10 lessons for designers working after disasters – Barnaby Bennett

Dec 9, 2020

10 lessons for designers working after disasters


– Barnaby Bennet, 2020

Barnaby is a friend and colleague of Gap Filler who wrote his PhD thesis (UTS Sydney) on the post-quake wave of public and temporary architecture in Christchurch. Barnaby is a writer, activist, architect, creative soul who isn’t afraid of critiquing the politics of city-making. Barnaby was involved in a number of post-quake creative projects in Christchurch as an organiser, writer, hammer-swinger, dancer, provocateur and more! This piece is republished with Barnaby’s permission and taken from Parlour.

Here, Barnaby looks at his experiences from working around the world in post-disaster contexts and makes 10 recommendations for how to do this challenging work well. His advice to listen to locals and to value and empower community leaders strongly resonates with us. Also his call for everyone to read Rebecca Solinit’s A Paradise Built in Hell is sage advice. It’s a book we have returned to time and time again and recommended to many-a student, especially for it’s discussion of elite panic and celebration of the wonderful human spirit that leads to caring, community repossess where people take care of one another. In a disaster, there are many people who want to DO something to make themselves feel better. It’s a human responses to feeling powerless. One of the most important things however, is to make sure you understand who the doing is helping. Is it just to make yourselves feel better? And is that OK? Or is it actually helping someone/something else? This resonates with Barnaby’s first point. Be careful.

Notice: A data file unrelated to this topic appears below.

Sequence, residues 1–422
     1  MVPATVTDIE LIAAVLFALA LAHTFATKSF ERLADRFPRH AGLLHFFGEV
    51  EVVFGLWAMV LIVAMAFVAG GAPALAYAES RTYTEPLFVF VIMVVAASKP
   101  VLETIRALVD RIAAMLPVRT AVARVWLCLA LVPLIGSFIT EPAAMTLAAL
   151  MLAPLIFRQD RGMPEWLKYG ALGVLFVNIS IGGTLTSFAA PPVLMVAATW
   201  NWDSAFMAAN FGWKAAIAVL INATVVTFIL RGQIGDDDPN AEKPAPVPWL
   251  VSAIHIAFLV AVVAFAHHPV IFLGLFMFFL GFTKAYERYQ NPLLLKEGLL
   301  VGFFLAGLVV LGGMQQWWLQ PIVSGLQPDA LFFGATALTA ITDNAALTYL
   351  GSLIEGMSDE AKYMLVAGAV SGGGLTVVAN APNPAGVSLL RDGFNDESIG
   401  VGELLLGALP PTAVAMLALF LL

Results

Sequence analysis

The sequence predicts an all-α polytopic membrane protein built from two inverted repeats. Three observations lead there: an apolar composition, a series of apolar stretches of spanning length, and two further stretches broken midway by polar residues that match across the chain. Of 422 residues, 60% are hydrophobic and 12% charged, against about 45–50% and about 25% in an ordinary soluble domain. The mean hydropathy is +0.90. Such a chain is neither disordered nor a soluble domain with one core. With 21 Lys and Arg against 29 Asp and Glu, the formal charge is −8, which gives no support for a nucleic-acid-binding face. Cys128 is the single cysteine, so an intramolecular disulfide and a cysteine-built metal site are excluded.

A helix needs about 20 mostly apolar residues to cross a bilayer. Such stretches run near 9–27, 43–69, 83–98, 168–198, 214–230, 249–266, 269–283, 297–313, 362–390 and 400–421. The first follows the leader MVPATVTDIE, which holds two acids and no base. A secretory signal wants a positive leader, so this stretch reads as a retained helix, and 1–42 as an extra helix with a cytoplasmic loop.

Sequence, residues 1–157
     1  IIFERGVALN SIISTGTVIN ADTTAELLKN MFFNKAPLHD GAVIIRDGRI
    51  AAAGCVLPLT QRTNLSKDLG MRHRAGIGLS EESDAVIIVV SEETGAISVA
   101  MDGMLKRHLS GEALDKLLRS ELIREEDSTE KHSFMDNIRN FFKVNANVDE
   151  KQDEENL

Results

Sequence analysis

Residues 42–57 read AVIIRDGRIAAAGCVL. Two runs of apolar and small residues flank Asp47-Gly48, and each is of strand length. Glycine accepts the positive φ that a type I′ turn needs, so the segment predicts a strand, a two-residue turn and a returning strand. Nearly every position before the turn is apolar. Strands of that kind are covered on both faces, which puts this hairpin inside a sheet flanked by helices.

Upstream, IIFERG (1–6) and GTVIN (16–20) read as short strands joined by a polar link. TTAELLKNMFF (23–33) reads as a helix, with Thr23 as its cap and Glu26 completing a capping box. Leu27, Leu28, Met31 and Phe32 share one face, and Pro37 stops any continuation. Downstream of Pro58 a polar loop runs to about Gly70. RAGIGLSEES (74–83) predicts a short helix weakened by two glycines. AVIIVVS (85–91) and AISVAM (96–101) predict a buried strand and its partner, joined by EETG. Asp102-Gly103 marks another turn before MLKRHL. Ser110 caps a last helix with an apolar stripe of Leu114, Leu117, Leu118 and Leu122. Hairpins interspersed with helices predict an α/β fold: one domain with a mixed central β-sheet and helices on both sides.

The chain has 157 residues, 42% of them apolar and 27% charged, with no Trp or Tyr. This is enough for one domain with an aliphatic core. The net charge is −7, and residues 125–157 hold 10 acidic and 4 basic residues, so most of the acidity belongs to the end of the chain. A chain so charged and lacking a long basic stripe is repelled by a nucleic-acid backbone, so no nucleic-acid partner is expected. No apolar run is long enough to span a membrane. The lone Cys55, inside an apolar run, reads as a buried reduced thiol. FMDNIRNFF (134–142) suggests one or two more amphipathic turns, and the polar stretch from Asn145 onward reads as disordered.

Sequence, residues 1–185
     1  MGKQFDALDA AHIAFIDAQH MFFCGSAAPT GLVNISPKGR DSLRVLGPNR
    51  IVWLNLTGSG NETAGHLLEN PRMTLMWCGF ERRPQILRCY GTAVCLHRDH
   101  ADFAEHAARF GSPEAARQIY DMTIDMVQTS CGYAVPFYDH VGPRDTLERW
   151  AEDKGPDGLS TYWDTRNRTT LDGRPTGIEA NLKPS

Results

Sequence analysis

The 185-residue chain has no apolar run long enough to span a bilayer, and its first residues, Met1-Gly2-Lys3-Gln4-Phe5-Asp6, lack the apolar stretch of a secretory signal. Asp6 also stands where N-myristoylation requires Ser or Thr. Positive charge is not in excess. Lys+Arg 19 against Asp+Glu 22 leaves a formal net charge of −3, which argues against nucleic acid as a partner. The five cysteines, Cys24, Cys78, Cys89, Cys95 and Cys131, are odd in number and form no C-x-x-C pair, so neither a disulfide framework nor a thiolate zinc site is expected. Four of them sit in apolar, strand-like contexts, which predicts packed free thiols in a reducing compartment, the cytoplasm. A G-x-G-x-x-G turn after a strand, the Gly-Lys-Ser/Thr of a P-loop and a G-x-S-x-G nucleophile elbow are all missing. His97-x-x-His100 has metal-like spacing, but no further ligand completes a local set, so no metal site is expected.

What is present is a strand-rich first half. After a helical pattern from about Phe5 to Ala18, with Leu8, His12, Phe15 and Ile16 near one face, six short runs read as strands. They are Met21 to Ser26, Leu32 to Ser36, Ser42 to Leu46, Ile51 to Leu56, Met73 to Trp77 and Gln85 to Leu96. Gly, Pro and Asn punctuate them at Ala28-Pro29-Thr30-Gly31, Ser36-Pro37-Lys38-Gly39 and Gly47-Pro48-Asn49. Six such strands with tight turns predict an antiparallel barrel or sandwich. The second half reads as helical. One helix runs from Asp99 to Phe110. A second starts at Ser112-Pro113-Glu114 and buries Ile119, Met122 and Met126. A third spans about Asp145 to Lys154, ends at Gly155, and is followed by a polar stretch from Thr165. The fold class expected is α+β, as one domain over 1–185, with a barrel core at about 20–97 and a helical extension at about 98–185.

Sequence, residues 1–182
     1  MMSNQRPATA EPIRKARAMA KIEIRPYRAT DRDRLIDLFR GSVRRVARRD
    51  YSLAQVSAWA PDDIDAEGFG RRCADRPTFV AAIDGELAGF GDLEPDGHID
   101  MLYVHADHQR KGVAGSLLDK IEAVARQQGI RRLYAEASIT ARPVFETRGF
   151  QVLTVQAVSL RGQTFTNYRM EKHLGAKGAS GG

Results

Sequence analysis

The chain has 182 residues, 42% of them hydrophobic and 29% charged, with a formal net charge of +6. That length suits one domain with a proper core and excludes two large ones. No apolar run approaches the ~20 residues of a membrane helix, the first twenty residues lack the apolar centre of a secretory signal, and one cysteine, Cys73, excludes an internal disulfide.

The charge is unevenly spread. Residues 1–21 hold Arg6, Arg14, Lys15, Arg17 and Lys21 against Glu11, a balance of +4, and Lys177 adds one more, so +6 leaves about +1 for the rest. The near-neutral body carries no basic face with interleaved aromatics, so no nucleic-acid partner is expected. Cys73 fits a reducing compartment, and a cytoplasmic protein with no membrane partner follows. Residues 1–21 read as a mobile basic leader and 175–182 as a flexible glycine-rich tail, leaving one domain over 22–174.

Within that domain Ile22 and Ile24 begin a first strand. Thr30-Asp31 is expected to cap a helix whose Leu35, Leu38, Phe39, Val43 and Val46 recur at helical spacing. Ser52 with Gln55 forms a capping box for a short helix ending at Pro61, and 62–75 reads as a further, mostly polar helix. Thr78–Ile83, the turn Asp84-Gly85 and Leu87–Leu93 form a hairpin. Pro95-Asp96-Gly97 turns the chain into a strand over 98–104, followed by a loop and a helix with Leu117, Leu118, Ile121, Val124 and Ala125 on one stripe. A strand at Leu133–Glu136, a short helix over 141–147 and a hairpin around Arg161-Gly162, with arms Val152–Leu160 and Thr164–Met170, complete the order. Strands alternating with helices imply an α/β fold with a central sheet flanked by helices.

He writes: “Working as a designer in post-disaster communities is complex and inherently risky, but it can be immensely rewarding. Each disaster is different. Each place and its communities are unique, and so it is difficult and perhaps even a little dangerous to suggest any firm rules of engagement. But it’s also important to learn lessons from the mistakes of others. So here are ten tips I’ve garnered from reading extensively around the topic and from my own experiences and mistakes.”

Read the rest of Barnaby’s article on Parlour here.